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January 27.docx

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University of Toronto Mississauga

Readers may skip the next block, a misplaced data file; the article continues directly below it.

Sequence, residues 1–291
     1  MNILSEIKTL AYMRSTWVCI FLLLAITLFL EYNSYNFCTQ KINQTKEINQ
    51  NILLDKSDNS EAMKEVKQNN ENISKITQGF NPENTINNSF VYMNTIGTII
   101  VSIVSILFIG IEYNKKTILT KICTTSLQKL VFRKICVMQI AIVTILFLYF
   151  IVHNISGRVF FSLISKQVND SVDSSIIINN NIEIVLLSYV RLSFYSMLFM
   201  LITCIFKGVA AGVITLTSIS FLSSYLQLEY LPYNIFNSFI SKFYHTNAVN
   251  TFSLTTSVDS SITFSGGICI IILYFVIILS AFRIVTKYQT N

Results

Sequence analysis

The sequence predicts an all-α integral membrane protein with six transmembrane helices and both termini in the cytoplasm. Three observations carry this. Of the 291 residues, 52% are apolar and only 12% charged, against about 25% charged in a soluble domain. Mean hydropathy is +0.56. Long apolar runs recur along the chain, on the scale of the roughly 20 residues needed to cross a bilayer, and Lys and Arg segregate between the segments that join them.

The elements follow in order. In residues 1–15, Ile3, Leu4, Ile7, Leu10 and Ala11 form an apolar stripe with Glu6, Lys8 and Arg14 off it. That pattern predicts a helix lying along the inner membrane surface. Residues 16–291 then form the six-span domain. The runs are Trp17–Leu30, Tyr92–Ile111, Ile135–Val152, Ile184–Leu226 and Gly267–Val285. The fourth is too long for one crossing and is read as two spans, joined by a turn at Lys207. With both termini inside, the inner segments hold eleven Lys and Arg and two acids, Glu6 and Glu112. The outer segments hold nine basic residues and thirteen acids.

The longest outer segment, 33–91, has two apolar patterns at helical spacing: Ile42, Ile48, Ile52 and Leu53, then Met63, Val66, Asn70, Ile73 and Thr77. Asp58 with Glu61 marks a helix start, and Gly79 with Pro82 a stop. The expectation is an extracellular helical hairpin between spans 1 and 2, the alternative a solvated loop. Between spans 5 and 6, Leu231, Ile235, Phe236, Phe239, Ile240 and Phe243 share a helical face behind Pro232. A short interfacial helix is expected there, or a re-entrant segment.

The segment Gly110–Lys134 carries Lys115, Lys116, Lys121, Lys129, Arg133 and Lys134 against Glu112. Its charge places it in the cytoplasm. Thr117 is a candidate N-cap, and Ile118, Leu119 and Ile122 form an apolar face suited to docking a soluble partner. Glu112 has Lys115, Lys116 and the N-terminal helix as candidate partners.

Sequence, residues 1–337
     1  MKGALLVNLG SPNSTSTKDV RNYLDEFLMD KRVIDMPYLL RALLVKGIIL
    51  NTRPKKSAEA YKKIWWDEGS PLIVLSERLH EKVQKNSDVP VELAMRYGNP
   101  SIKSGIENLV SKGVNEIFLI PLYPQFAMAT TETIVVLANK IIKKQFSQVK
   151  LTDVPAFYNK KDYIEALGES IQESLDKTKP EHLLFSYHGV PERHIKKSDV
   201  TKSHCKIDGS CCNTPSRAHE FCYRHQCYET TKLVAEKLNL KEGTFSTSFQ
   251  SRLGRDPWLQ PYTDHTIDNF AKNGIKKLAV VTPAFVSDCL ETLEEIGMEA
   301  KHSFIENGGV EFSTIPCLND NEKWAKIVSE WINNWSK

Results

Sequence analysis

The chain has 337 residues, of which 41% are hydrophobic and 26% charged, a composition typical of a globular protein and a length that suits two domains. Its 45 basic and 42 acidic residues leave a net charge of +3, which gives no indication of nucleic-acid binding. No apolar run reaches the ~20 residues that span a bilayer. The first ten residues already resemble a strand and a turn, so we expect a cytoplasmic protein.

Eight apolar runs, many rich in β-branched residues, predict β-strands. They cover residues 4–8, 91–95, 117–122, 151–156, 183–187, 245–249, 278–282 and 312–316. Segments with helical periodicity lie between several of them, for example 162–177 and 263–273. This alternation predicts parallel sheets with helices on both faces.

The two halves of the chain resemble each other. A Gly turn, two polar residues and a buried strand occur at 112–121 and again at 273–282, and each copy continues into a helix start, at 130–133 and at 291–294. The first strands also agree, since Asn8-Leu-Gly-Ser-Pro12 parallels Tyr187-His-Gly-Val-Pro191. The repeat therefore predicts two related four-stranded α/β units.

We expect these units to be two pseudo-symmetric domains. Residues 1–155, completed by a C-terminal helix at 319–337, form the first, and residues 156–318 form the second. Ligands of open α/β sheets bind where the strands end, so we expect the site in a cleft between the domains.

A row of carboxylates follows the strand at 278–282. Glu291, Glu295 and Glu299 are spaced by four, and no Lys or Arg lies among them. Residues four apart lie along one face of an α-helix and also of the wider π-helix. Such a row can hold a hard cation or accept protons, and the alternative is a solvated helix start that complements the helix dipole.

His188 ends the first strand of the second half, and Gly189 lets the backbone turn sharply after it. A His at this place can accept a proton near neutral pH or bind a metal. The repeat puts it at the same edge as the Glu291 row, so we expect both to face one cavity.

January 27, 2014 HIS 236 Art as a Reflection of Society, Contemporary Culture Tom Hanks, Captain Philips -pirates taking over Philips’ ship -Plato, ship metaphor -ship is a metaphor for the state -movie is a commentary on globalization -some people have more stuff than others -one ship has a lot of cargo (Philips’ ship) -another ship is poor (Somali) -the polarizations of the world, one poor and one rich -director making comparisons between Hanks and the Somali pirate Muse -both have families -both have jobs, both are trying to make it in the world -hijacking (makes people think of terrorism), resonates with society -a commercial for the power of the American Navy (or military) -the Americans say that they are fighting to protect the lives and freedom on the high seas -but are they? -it seems that they are protecting a global system that keeps people poor -movie ends on an ambiguous note -captain Philips is saved -what justice was accomplished? Daniel Defoe -living across the revolutionary divide -writing before the Glorious Revolution and into the Hanoverian Succession -England was on the road to a super power -Robinson Crusoe was written in a specific context Aristotle -man is, by nature, an animal Francis Bacon (1561 – 1626) The New Organon (1620) -wrote the book on the inductive method -based on experimentation and observation -theories of knowledge, epistemology -says that the ancient knowledge was not very good, the ancients were wrong -calls into question the wisdom of the ancients -The New Organon -the first Organon was written by Aristotle -a book on how to get answers of truth -in order to know anything, must experiment with nature -questioning nature Bacon and the Advancement of Learning -“Printing, Gun Powder, the Magnet,” the three greatest inventions in modern history -“a true proficiency in liberal learning softens and humanizes the manners” -we can feel more deeply when we know more -“so this excellent liquor of knowledge, whether it descend from divine inspiration or spring from human sense, would soon perish and vanish into oblivion if it were not preserved in books tradition and conferences, and especially in places appointed for such matters as universities.” -“If a man endeavor to establish and extend the power and dominion of the human race itself over the universe, his ambition is without doubt both a more wholesome thing and more noble. The empire of man over things depends wholly on the arts and sciences. Fore we cannot command nature except by obeying her.” Linking The Scientific Revolution and Enlightenment to the Industrial Revolution MOKYR – “Enlightened Economy” -the industrial revolution is the direct result of political and intellectual factors such as the Scientific Revolution and the Enlightenment. Develops the thesis of “Industrial Enlightenment” -I/E is part of the Enlightenment that believes in material progress and economic growth can be achieved by increasing human knowledge -research should be directed to solving practical solvable problems; people should have access to info in the form of scientific journals, reports, and books Useful Knowledge -Baconian program: “useful knowledge” -cumulative: bodies of knowledge created that people have access to -consensual: knowledge is made tighter and there exists criteria to assess competing hypotheses or claims of knowledge -contestability: no sacred cows (no biases, be completely objective), nothing is taken on authority (like the ancients) -the development of the I/R in England was the direct result of ideas of the Baconian program -“guided by rationality and efficiency” as well as progress -scientific societies develop -scientific journals develop and proliferate knowledge -people establish intellectual property rights -the industrial enlightenment represents the utopian belief in a more comfortable and secure world thanks to the increase of useful knowledge -quite specific in its recipe as to how such a world was to be achieved, namely through the sp
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